was analyzed, the majority of the protein eluted 4.2 7 cm

range but the majority of activity eluted from 8.5 9.7 cm

which was beyond the point of elution of carbonic anhydrase

(MW 31 kd). Because of the difficulty in representing

serial twofold dilutions in such a format, high activity is

not adequately represented on this graph.

Table 3-1 and Table 3-2 show the amount of this

activity which could be inhibited by fucose or galactose,

respectively. When the same fractions were electrophoresed

on an SDS-PAGE gel, the profiles in Figures 3-4 and 3-5 were

obtained. The results from these experiments demonstrated











that there existed a fraction in each preparation which

could be presumed, by a process of elimination, to be the

candidate lectin fraction (Fraction II of the FBPs and

Fraction IV of the GBPs). These putative lectin fractions

were of similar MW (about 45 kd) after SDS-PAGE. The fucose

lectin appeared to consist of isolectins and the diffuse

migration exhibited by the galactose lectin was suggestive

of a glycoprotein. Native gels were run on the same

preparations and the semipure fractions from SDS-PAGE showed

a band in the 400 kd range. Because of inefficiency in

purification and the inability to obtain discrete pure

fractions by gel permeation, it was decided to pursue a

double affinity purification according to the protocol

described above.

Initially the protocol utilized a fucose-agarose

purification followed by galactose-agarose purification

because of the cost of including L-fucose in the buffer.

When a galactose-agarose followed by fucose-agarose protocol

was adopted, much cleaner preparations were obtained and the

consistency in purification of the galactose lectin was

greater.

To determine the efficiency of the purification

protocol, three aliquots of 5 ml of immune hemolymph were

used for the analysis. These results are shown in Table 3-

3, Figure 3-6 and 3-7. The banding pattern of FBPs on the

SDS-PAGE gels were not in agreement with previous work.
























I

Figure 3-1. Absorbance profile (280 nm) of galactose
binding proteins from Sephacryl S-300. Titer refers to
hemagglutination titer of rabbit erythrocytes.


I I I I I I I
c.m. 3.2 3.9 5.0 6.2 8.2 10.3 12.7
Fraction I II II IV V VI
Titer 8 16.384 8192 128 <8 <8



Figure 3-2. Absorbance profile (280 nm) of fucose binding
proteins from Sephacryl S-300. Titer refers to
hemagglutination titer of rabbit erythrocytes.


I I I I I I
c.m. 3.6 4.2 7.1 8.5 9.7 10.6
Fraction I II III IV V
Titer 8 2048 2048 32.768 128

















HA from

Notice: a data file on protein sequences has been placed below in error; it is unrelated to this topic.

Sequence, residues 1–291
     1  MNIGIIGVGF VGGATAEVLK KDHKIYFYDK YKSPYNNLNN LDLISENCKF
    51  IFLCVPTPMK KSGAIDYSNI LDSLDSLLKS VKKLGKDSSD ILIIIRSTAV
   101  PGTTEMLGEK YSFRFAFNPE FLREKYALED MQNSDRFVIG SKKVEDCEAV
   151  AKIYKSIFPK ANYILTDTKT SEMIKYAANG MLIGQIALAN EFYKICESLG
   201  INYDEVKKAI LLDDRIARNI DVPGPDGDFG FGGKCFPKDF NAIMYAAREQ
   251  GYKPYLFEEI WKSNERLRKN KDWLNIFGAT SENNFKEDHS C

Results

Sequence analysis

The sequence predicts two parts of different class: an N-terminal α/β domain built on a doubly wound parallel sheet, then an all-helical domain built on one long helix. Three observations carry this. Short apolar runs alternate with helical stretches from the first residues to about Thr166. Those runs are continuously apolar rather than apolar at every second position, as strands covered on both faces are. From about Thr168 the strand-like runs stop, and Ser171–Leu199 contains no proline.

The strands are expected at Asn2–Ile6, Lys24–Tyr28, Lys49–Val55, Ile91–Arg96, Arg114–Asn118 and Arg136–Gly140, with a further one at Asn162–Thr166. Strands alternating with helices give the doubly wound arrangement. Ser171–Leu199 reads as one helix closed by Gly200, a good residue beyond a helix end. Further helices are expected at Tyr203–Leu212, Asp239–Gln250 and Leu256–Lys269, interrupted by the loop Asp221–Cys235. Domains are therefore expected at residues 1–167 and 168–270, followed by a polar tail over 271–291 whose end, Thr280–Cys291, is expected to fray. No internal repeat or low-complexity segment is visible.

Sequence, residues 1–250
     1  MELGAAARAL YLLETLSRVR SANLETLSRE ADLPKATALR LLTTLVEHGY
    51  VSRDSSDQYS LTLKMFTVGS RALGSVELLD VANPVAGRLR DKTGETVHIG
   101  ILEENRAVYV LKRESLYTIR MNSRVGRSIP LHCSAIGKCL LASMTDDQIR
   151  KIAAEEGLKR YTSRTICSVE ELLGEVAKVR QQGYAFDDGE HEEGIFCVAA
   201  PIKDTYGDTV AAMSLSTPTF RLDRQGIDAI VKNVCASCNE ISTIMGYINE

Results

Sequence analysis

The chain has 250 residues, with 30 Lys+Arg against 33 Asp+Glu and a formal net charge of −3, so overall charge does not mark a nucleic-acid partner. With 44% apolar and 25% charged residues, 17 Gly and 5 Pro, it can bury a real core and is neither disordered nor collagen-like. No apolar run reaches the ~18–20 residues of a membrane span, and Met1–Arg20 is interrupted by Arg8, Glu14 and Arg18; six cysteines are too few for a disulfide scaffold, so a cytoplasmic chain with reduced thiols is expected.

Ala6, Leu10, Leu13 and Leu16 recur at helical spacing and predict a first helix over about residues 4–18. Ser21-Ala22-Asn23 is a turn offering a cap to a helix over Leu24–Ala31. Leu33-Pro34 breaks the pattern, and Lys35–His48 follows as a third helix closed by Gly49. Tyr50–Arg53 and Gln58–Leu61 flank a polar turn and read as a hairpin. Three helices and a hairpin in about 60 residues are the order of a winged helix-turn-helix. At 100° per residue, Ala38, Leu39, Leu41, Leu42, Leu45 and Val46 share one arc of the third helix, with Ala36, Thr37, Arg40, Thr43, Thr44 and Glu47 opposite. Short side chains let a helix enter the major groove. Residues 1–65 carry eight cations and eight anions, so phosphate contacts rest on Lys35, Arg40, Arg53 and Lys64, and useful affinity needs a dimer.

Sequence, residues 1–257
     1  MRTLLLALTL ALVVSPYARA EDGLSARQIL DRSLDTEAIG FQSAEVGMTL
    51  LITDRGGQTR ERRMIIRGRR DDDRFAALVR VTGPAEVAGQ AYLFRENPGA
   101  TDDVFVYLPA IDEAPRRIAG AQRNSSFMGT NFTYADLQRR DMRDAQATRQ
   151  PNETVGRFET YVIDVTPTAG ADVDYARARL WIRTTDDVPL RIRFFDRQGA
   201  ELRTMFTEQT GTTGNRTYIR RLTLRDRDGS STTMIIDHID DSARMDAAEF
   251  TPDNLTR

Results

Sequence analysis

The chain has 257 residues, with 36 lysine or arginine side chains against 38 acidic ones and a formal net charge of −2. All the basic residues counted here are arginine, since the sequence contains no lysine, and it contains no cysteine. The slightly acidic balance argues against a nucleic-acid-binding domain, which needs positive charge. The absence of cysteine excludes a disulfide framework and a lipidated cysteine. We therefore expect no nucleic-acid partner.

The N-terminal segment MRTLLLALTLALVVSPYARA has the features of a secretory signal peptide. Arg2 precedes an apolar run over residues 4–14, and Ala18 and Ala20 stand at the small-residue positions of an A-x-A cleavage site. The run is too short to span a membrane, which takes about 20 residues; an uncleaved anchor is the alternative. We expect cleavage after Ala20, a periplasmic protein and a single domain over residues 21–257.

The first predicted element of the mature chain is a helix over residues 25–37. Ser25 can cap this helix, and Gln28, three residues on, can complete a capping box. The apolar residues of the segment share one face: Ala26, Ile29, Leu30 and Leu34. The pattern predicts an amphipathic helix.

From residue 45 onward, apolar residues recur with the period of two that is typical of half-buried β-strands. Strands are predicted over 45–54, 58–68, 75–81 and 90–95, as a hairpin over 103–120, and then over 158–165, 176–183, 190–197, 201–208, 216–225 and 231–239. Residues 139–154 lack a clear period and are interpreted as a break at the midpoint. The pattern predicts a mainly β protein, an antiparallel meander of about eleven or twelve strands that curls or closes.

fuc-agroM
tru
SghWcy S-300






HA fWm

tru
Sgaccyl S-300


Mfraton 5 IV V
ODit m 1 2 3 4 5 6 7 8 9 10 11 12



Figure 3-3. Hemagglutinin activity recovered from pooled
fractions eluted from Sephacryl S-300.


Fhmati I











Table 3-1. Inhibition by galactose and fucose of fractions
of fucose binding proteins eluting from Sephacryl S-300.
Total units (U) were calculated as titer x volume.


Fr. ml Titer Total U HA # U inh. # U inh.
activity by Gal by Fuc

I 6 8 48 0 48
II 12 16,384 196,608 98,304 196,608
III 12 8,192 98,304 0 98,304
IV 20 128 2,560 0 2,560
V 22 <8 0 0 0
VI 24 <8 0 0 0


Table 3-2. Inhibition by galactose and fucose of fractions
of galactose binding proteins eluting from Sephacryl S-300.
Total units (U) were calculated as titer x volume.

Fr. ml Titer Total U HA # U inh. # U inh.
activity by Gal by Fuc

I 6 <8 0 0 0
II 30 2048 61,440 61,440 960
III 14 2048 28,672 28,672 224
IV 12 32,768 393,216 393,216 768
V 8 128 1,024 1.024 0










































Figure 3-4. SDS-PAGE of fucose binding proteins eluting in
various fractions from Sephacryl S-300. P is the parental
affinity purified sample applied to the gel permeation
column. Fraction II contains the highest hemagglutination
titer.







































Figure 3-5. SDS-PAGE of galactose binding proteins eluting
in various fractions from Sephacryl S-300. P is the
parental affinity purified sample applied to the gel
permeation column. Fraction IV contains the highest
hemagglutination titer.


97 kd
66 kd


4 -5 kd

32w kd






Aw11 kd











Table 3-3. Characteristics of fractions from A. gemmatalis
lectin purification. Specific activity was calculated as
titer/mg protein. Units were calculated as titer x volume.

Fraction Volume Protein Titer Specific #
mg/ml Activity units
whole 3 x 5 ml 35.05 8192 233.4 122880
hemolymph
FE (gal 3 x 30 ml 9.48 2048 216 184320
column)
ix gal 45.5 ml 0.0042 128 30476 5824

2x gal 12 ml 0.0017 256 150588 3072
Ix fuc 18 ml 0.0419 2048 48878 36864
2x fuc 15 ml 0.0107 256 22756 3840
3x fuc 10.5 ml 0.0112 512 45714 5376




Table 3-4. Characteristics of reconstituted lyophilized
preparations of lectin from A gemmatalis. Units were
calculated as titer x volume.


Fraction Reconstituted Units
Volume

2X gal FE 2 ml 4096
2X gal salt cut 1 ml 128
2X gal lectin 0.5 ml 16384
3X fuc FE 0.5 ml 128
3X fuc lectin 0.5 ml 8192










































Figure 3-6. SDS-PAGE of fractions obtained during the
purification of fucose binding proteins by double affinity
chromatography. P is the parental hemolymph; FE is the
first eluent; S is the NaCl cut; IX, 2X and 3X are the